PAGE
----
(BLACK PR WIRE) – In reflecting on his eight years at the helm of the Miami-Dade Chamber of Commerce, outgoing president/CEO, William “Bill” Diggs shared some heartfelt thoughts on his tenure.
“For me and my family, the Miami-Dade Chamber has been my life. In my previous life, I was flying a lot to other parts of the U.S., as I was working for a firm that had clients all over the country.
So a part of me was apprehensive about venturing into a new career in economic development and networking, but a part of me was excited about the prospect of watching my children grow up and me growing a burgeoning black business organization.
“Those early years in my eight-year stint were fraught with challenges and rebranding. Times had changed and Miami was going through a process of finding itself. In the midst of that rebirth, our chamber was not invited to the table to be a part of that rebirth. So what we decided to do was to challenge the status quo.”
Under his leadership, the chamber developed advocacy initiatives that have increased the technical proficiencies of black-owned businesses, and built new programs, including The Business Empowerment Series (BENS) and the Urban Partnership for Prosperity Program (UPP).
Through those programs, the chamber played a pivotal role in several “firsts,” including positioning Foster Construction to be the first African-American firm to build a Burger King from the ground up.
The chamber’s membership growth escalated and developed tiers of member-based support — including a new thrust toward gaining more trustee-level members — and became a winning program such that virtually every large business in Miami has joined the chamber over the last five years.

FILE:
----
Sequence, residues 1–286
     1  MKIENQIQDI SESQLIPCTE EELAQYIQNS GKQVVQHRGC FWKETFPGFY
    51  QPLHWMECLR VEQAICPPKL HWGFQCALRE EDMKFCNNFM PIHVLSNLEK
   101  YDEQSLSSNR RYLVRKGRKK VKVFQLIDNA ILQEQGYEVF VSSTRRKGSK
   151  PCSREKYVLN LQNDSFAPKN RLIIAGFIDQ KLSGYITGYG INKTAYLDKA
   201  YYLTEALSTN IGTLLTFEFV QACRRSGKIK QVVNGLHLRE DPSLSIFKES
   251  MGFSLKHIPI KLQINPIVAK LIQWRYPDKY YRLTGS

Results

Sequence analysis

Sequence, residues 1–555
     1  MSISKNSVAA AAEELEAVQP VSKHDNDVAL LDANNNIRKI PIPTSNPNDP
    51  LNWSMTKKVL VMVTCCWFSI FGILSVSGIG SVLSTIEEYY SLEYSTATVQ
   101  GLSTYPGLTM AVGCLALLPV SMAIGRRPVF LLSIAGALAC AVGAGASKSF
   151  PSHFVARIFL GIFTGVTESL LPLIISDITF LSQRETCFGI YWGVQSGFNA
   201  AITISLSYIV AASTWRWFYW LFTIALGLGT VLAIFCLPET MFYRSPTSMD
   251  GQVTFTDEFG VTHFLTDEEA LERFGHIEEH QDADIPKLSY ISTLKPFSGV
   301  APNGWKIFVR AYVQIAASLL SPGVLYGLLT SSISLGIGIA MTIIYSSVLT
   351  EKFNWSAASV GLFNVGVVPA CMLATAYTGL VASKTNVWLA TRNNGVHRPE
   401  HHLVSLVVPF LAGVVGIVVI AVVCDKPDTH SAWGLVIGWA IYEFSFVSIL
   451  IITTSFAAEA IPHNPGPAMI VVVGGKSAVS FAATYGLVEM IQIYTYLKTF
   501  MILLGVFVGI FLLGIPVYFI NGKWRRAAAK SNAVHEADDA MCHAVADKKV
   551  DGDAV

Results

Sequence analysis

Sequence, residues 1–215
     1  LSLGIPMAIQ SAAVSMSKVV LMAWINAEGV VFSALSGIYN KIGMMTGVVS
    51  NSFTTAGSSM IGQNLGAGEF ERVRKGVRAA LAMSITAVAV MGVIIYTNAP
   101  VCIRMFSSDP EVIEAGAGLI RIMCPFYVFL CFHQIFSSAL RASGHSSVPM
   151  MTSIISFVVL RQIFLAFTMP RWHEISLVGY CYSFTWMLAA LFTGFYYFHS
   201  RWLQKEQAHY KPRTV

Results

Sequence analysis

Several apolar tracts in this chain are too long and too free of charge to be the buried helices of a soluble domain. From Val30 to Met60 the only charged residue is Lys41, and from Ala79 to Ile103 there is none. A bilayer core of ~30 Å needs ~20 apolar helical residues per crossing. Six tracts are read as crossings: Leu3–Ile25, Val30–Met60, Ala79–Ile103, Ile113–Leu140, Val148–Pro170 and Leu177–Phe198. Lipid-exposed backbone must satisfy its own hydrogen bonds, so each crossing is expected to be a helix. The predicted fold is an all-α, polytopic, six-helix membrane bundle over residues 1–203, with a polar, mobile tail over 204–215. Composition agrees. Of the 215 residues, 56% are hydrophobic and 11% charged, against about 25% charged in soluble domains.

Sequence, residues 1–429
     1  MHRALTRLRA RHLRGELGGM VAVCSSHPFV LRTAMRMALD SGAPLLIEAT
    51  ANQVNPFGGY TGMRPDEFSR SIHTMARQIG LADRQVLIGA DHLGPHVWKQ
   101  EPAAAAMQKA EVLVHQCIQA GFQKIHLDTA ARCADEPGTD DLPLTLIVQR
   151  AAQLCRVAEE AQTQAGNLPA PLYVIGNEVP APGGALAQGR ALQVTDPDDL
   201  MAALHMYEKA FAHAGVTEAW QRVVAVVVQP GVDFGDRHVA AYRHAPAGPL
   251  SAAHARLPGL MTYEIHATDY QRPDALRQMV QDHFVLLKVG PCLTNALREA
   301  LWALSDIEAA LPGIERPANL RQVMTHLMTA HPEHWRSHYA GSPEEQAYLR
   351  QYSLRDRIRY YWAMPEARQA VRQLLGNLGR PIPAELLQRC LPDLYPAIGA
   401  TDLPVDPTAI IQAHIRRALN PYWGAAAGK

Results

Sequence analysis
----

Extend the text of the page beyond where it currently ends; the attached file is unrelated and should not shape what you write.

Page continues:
“Some folks wonder how can we service the small businesses if we have large businesses as members? I always say that if you are to be successful you must sell your product upstream,” said Diggs.
Other key accomplishments include the Marlins Stadium Joint Business Venture, in which the chamber crafted a
Community Benefits Agreement between the Marlins, the NAACP and the chamber.
The agreement brought jobs and significant contracts to chamber members, and has since positioned the chamber as “the” go-to organization for economic development in the black business community, empowered to create partnerships with The Beacon Council, The Miami Dolphins, Resorts World Miami, South Beach Ace (the Miami Beach Convention Development Team), the University of Miami and others, while securing multiple millions of dollars in contracts for businesses of color.
“This departure for me is the right thing to do at the right time,” says Diggs. “Our chamber is poised for next generation growth because of its staunch Board of Directors and the many committees that we have built up.
We have arguably the fastest growing Women’s Business Committee in Florida. We have launched and sustained a Young Professionals Network that has been emulated by other chambers. We rebirthed our advocacy, construction and marketing committees to ensure continued growth.
“So my leaving the chamber marks the renaissance of one of the best vehicles in Florida for building better communities in the urban core. I look forward to working with Jesse Brooks in his role as interim CEO of the chamber, and I urge everyone in our community to continue to support the chamber as we transition to new leadership. I am grateful for the opportunity of being CEO of the best little chamber that could — The Miami-Dade Chamber of Commerce. I am leaving the position but never the chamber.”
To learn more about the Miami-Dade Chamber of Commerce, call 305-751-8648 or visit m-dcc.org